It was not through choice that modern Indian people have placed so much reliance on federal law. But there was no real alternative. Outside forces were bent on obtaining Indian land, water, fish, and tax revenues, and on assimilating the culture of Indian people, especially the children. Underlying this current was racism. There could be no internal development or harmony until the outside forces and racism were put at rest.
The program conceived of at the end of the termination era was successful in many ways. In this new century, however, the forces of termination and the challenges to tribal sovereignty have once again reared their heads, riding on the currents of racism. For every victory, a new challenge to tribal sovereignty arises from state and local governments, Congress, or the courts. The continuing lack of understanding, and in some cases blatant racism and lack of respect for the sovereign attributes of Indian nations, has made it necessary for the struggle to continue.
In the 1960s, the U.S. government began a widespread effort to address some of the social ills affecting the nation. As part of the “War on Poverty,” the nation began to provide legal representation to the disadvantaged. Those running these programs came to realize that the legal problems of their Indian clients were, for the most part, governed and controlled by a little known area of law—“Indian Law”—which was driven by treaties, court decisions, and federal statutes, regulations, and administrative rulings. They also found that few attorneys outside of the legal services system were willing to represent Indians, and those who did generally worked on a contingency basis, only handling cases with anticipated monetary settlements. Thus, many issues would not get to court.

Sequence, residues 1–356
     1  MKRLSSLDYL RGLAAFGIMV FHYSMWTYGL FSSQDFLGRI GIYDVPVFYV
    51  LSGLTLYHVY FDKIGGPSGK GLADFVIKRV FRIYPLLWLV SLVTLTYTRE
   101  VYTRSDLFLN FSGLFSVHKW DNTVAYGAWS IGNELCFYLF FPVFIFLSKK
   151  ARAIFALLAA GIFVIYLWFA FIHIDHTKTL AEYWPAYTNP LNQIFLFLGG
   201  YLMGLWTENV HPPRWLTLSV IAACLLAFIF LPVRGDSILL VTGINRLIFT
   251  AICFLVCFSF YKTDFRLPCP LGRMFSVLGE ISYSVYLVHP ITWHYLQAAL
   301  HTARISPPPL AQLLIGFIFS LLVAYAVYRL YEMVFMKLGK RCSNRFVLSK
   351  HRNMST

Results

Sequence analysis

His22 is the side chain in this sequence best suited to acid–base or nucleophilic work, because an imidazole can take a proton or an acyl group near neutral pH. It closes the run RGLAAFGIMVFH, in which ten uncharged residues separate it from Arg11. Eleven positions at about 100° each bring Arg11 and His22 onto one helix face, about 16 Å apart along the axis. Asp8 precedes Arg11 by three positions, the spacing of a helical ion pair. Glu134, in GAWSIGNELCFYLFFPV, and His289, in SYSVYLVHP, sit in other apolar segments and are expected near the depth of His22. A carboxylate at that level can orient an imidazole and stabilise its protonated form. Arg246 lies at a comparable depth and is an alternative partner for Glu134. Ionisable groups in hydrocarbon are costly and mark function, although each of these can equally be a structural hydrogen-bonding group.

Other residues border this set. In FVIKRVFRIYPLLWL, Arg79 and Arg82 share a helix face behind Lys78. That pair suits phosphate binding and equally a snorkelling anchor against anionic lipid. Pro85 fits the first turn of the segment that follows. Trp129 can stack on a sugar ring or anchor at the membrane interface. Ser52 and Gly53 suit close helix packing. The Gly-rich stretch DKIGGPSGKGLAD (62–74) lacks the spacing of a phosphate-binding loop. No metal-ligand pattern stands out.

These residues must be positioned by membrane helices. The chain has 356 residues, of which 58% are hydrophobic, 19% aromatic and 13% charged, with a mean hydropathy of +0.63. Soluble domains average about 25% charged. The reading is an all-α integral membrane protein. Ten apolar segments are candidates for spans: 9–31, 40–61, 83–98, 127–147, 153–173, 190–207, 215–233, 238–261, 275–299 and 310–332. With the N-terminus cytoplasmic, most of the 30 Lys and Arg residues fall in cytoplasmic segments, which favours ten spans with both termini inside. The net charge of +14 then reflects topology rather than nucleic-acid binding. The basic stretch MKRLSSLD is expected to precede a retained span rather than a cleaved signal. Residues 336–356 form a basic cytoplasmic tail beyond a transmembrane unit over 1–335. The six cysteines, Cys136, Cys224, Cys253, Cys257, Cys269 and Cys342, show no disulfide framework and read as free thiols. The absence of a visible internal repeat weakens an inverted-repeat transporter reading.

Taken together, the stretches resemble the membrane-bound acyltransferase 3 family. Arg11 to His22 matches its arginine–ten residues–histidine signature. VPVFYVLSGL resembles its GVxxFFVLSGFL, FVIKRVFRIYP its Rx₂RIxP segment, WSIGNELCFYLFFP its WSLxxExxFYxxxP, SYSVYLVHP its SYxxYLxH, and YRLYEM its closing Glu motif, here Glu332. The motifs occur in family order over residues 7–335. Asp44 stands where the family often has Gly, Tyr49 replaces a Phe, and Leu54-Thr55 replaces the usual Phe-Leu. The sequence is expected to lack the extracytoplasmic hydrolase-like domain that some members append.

During this same period, the Ford Foundation, which had already assisted in the development of the NAACP Legal Defense Fund and the Mexican American Legal Defense Fund, began meeting with California Indian Legal Services (CILS) to discuss the possibility of creating a similar project dedicated to serving all of the nation’s indigenous people. CILS had already established a reputation for taking on Indian legal cases. The Ford Foundation awarded CILS a planning grant in 1970 and start-up funding to launch the Native American Rights Fund in 1971.
As a pilot project of CILS in 1970, NARF attorneys traveled throughout the country to find out firsthand from the Indian communities what legal issues they were dealing with. They also began a search for a permanent location for the project, which was initially housed at CILS’s main office in Berkeley, California. In 1971, NARF selected its new home and relocated to Boulder, Colorado.
An eleven-member all-Indian Steering Committee (now a thirteen-member Board of Directors) was selected by the CILS Board of Trustees to govern the fund’s activities. Individuals were chosen (as they continue to be in the early twenty-first century) based on their involvement with and knowledge of Indian affairs and issues, as well as their tribal affiliation.
NARF continued to grow at a rapid pace over the next several years. In 1971, the project opened its first regional office in Washington, D.C. An office close to the
center of the federal government would prove critical in future interaction with the White House, Congress, and federal administrative agencies. The Carnegie Corporation of New York awarded NARF start-up funding in 1972 for the creation of the National Indian Law Library, a national repository for Indian legal materials and resources. More than ten years later, in 1984, NARF established its second branch office, in Anchorage, Alaska, where it could take on the Alaska Native issues of tribal sovereignty and subsistence hunting and fishing rights.
One of the initial responsibilities of NARF’s first Steering Committee was to develop priorities that would guide the fund in its mission to preserve and enforce the legal rights of Native Americans. The committee developed five priorities that continue to lead NARF in the early 2000s: (1) The preservation of tribal existence; (2) the protection of tribal natural resources; (3) the promotion of Native American human rights; (4) the accountability of governments to Native Americans; and (5) the development of Indian law and educating the public about Indian rights, laws, and issues.